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THE IMPACT OF FDI IN SUB-SAHARAN AFRICA(SOUTH AFRICA, EGYPT, MORROCO AND TUNISIA) - Literature review Example

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FDI has had a significant impact on Sub-Saharan African countries for many years because of participation of both investors and the host state governance and economy. A study by Campos and Kinoshita (2006:36) shows us the significance of institutions and accumulation with…
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THE IMPACT OF FDI IN SUB-SAHARAN AFRICA(SOUTH AFRICA, EGYPT, MORROCO AND TUNISIA)
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THE IMPACT OF FDI IN SUB-SAHARAN AFRICA (SOUTH AFRICA, EGYPT, MORROCO AND TUNISIA) LITERATURE REVIEW How doing it- 1st research articles of 4 countries and critically evaluate methodologies used, STATISTICAL ANALYSIS, RESEARCH METHODOLOGY. 550
FDI has had a significant impact on Sub-Saharan African countries for many years because of participation of both investors and the host state governance and economy. A study by Campos and Kinoshita (2006:36) shows us the significance of institutions and accumulation with reference to the original status and other factors that determine how investors choose their location their article; Why Does FDI Go Where it Goes?: New Evidence from the Transition Economies. In their study, they use a unique set of 25 country economies between 1990 and 1998 that covers countries at both the developing and developed stages of transition. This aimed at providing a fuller and well rounded identification of issues that impact on the success and failure of most countries in transition such as South Africa in attracting FDI (Campos and Kinoshita, 2006:36). According to Campos and Kinoshita (2006), institutions, labour expenses, agglomeration, economies, and availability of natural resources are the main causes of FDI inflows to these countries.
Another study by John C. Anyanwu (2012), who wrote the article Why Does Foreign Direct Investment Go Where It Goes?: New Evidence from African Countries, seeks to understand how the factors affecting the development of FDI will help the policymakers of Sub-Saharan African Countries in the formulation and execution of policies for attracting FDI. In this study, they used cross-country regressions for the period 1996-2008. Because they used cross-sectional data, they had to carry out four different empirical techniques to add more weight to their empirical results (Anyanwu, 2012:451). These techniques include robust pooled ordinary least squares (OLS), the feasible generalized least squares (FGLS), both OLS and FGLS methods to check historical data, and finally, the two-step (IV) efficient, generalized method of moments (GMM). These techniques ensured that the results are relevant to the African continent, its sub-regions and individual countries (Anyanwu, 2012:452).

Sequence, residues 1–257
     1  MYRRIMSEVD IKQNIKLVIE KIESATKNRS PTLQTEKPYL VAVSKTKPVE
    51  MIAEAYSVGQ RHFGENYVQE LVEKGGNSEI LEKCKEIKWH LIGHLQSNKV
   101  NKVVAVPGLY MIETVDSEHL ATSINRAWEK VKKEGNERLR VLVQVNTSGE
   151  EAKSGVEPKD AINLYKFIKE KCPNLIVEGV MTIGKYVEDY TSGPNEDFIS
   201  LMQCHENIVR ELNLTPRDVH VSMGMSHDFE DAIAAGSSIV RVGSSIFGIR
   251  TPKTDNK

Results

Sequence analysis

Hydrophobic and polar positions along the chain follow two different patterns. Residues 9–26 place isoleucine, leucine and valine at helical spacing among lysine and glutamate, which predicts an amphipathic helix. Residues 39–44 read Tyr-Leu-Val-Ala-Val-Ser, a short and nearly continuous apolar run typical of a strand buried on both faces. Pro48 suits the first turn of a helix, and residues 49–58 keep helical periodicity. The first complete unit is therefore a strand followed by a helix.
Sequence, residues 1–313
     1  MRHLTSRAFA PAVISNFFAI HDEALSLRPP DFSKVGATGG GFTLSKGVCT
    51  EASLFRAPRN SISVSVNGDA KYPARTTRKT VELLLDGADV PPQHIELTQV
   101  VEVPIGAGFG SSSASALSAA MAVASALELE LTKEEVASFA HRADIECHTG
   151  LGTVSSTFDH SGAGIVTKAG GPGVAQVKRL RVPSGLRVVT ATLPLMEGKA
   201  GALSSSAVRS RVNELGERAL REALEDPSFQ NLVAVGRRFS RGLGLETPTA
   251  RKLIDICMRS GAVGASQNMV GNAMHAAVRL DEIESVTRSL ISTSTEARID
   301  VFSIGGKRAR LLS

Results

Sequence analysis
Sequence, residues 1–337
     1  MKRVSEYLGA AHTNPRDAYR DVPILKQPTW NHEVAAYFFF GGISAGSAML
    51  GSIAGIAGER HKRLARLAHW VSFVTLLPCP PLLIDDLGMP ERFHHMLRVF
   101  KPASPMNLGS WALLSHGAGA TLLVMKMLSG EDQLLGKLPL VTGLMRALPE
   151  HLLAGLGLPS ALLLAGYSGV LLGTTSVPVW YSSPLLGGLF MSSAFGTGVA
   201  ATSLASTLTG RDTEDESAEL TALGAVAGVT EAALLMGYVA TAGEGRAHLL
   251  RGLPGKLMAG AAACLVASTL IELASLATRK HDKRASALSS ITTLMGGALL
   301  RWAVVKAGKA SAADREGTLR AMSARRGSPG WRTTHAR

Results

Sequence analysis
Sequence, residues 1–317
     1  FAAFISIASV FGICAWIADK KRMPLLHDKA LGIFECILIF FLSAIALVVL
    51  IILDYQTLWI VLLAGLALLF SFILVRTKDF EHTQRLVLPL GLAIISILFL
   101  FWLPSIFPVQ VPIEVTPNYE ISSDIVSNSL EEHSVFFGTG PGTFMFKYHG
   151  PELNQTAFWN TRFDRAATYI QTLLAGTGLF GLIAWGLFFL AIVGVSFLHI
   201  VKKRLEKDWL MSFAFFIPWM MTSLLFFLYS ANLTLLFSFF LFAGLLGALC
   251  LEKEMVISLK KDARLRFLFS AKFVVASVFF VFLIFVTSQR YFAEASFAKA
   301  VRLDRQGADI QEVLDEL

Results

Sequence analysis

There is another study done by Ajayi (2006) titled The Determinants of Foreign Direct Investment in Africa: A Survey of the Evidence. In this study, they used case studies of countries under consideration as a way of collecting information about FDI. Their main area of focus in these case studies was identifying the common point that unites various factors that attract FDI to a country. They also sought to find out specific factors about some countries and see whether they could be successfully and beneficially applied to others (Ajayi, 2006:14). From these studies, we get to understand the magnitudes and make up of FDI, trends, factors affecting the flows of FDI to the country, current state of the country with regards to FDI, and the policies enacted to attract FDI (Ajayi, 2006:15).
The fourth article I will look at in this paper is an article by Sarumi Adewumi titled; The Impact of FDI on Growth in Developing Countries: An African Experience. The article looks at how FDI has contributed to African economic growth by using the techniques of graphical and regression analysis. With the help of data in the time set of 1970 to 2003, they used empirical analysis to examine information from Sub-Saharan African countries. From this study, they came up with the inference that there is a positive but insignificant contribution of FDI to economic growth. (Adewumi, 2006: 8).
References
Adams, S. 2009. Can foreign direct investment (FDI) help to promote growth in Africa?. African Journal of Business Management.3 (5): 178-183.
Adewumi, S. 2006. The Impact of FDI on Growth in Developing Countries: An African Experience. Jönköping International Business School, Jönköping University. 1-16
Ajayi, S.I. 2006. The Determinants of Foreign Direct Investment in Africa: A Survey of the Evidence. African Economic Research Consortium. 11-32.
Anyanwu, J.C. 2012. Why Does Foreign Direct Investment go where it goes?: New Evidence from African Countries. Annals of Economics and Finance. 13(2): 433-470.
Campos, F.N., and Kinoshita, Y. 2006. Why Does FDI Go Where it Goes?: New Evidence from the Transition Economies. African Economic Research Consortium. 33-54.
Communications of the IBIMA. 2008. Nigeria’s Economic Growth: Emphasizing the Role of Foreign Direct Investment in Transfer of Technology. Communications of the IBIMA. 3 (1):76-78.
Fortanie, F. 2007. Foreign direct investment and host country economic growth: Does the investor’s country of origin play a role? Transnational Corporations.16 (2), p42-60.
Herman, M., Chishol, D., &Leavell, H. (2004).FDI and the effects on society. Proceedings of the Academy for Studies in Intenational Business. 4(1):15-17.
Hurmes, N &Lensink, R. 2003.Foreign direct investment, financial development and economic growth. Journal of Development Studies. 40 (1):142-163.
Moosa, I. A. 2002. Foreign Direct Investment: Theory, Evidence and Practice. New York: Palgrave. Read More
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